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Property Tax Funding Blog

Property Tax Lending vs Tax Lien Transfers: What’s the Difference?

Posted by Matt Longhofer on Mon, May 01, 2017 @ 14:05 PM

 

Despite being known for low taxes, Texas has the 2nd highest property tax rate in the country according to a recent study.  This state has an almost unique system for levying and collecting those taxes. Because of these unique circumstances, a consumer product has been created to help homeowners satisfy this tax burden without going into default or suffering penalties.

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In Texas, property taxes are due at the time the tax bill is received. They are considered delinquent if not paid before February 1 of the following year. So if a homeowner gets a tax bill in November of 2017, technically the taxes are due at that time, but are not considered delinquent until February of 2018.

 

Once considered delinquent, overdue taxes begin accruing interest at a rate of 1 percent a month (or 12 percent a year). Property owners are also charged a penalty of 6 percent of the tax amount plus one percent every month taxes are not paid. Then on July 1st, if the tax bill is still unpaid, attorney fees of 15 to 20 percent are added to the tax bill which really skyrockets the amount due.  


Tax Lending vs. Lien Transfers

In certain circumstances, property owners can get loans to pay off their tax debt. This can be done through traditional means like a personal line of credit, a home equity loan, or even by using a credit card.  While a traditional loan may be secured or unsecured, it is entirely separate from a lien on your home. If you have less than perfect credit, getting such a loan may be difficult or you may pay an extremely high interest rate.


In Texas, the terms “tax loan” and “lien transfer” are often used interchangeably, and for good reason. While it may seem confusing at first, because of the unique method of property tax collection in the state of Texas, a lien transfer is often preferable to a more traditional loan, and is definitely preferable to being delinquent on your property taxes and facing the consequences of a government lien on your property.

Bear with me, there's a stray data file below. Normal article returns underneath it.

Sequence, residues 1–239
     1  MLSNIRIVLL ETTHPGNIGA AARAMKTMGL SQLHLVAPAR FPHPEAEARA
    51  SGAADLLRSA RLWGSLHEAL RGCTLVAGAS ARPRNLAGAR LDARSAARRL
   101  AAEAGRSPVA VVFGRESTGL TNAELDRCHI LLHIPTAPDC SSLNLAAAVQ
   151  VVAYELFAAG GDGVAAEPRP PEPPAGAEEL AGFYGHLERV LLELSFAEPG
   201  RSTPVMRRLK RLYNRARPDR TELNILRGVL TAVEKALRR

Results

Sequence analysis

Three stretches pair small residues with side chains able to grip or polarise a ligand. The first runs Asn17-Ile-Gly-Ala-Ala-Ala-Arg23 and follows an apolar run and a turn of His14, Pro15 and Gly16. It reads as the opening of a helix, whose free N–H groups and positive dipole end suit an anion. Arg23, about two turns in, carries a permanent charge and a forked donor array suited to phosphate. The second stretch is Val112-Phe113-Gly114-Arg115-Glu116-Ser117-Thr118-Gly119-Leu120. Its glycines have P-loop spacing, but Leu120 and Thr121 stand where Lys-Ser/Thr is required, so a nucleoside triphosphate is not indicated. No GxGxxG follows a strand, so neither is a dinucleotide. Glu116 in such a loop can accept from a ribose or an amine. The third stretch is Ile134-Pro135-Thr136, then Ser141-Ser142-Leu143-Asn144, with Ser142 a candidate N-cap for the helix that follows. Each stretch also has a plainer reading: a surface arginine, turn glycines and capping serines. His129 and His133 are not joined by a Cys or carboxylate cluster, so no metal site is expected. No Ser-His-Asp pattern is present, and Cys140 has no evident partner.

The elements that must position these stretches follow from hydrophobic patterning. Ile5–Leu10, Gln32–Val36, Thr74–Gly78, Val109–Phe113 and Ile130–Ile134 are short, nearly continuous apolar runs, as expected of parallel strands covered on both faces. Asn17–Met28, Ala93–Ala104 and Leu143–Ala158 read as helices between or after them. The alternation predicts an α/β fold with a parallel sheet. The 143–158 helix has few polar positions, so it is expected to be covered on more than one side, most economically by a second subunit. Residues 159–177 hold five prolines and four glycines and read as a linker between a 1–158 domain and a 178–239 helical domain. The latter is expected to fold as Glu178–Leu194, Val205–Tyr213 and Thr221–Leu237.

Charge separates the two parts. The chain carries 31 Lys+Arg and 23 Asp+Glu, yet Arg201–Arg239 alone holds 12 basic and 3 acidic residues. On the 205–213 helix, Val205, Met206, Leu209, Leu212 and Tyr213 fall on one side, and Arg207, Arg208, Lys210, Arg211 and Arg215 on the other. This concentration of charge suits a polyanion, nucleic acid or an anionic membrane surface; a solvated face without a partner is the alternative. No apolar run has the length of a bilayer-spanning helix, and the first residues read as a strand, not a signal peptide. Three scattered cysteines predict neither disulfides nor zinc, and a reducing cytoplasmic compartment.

When your property taxes are due, the governmental taxing agency has a lien on your property so that, were you to sell it, the taxing agency would get the amount you owe them first, before your bank or any other lender who has a lien on your home gets paid.


A lien transfer is simply moving the government’s right to that lien to a third party, or a property tax lender. That lender then has the same rights the government did, but with one vital difference.


The property tax lender pays off your property taxes on your behalf, and you enter a payment arrangement with them. Most of the time, this is at a lower interest rate than many other alternative loans, and you can get assistance even if you have a less than perfect credit score.


The lender also does not charge you the fees and interest charged by the state should your taxes become delinquent.

 

The Hazards of Delinquency


Being delinquent on your taxes can raise your tax bill significantly. After incurring the penalties, interest, and attorney fees imposed on July 1st, and the possible additional penalties if your account goes into a tax suit, a property owner could face a bill that is 50% larger after only one year.


Tax delinquency for just a few short years can result in an extremely large bill that would be difficult if not impossible for most individuals or businesses to pay. In recent years, the tax lien industry has become highly regulated and reliable, and it is seen as a necessary industry by many Texas residents.


Excessive tax delinquency can even lead to foreclosure, often for fractions of the value of the property. Property tax lending lets owners avoid this scenario, and gives them more payment options and ways to renegotiate payments if they fall behind.


Lien transfers are a form of tax lending, but often provide better options and lower interest rates for property owners in Texas. A lien transfer is a far better alternative to delinquency, and saves those who utilize this service thousands of dollars every year.


Learn more at propertytaxfunding.com.

Topics: property tax lending, tax lien transfers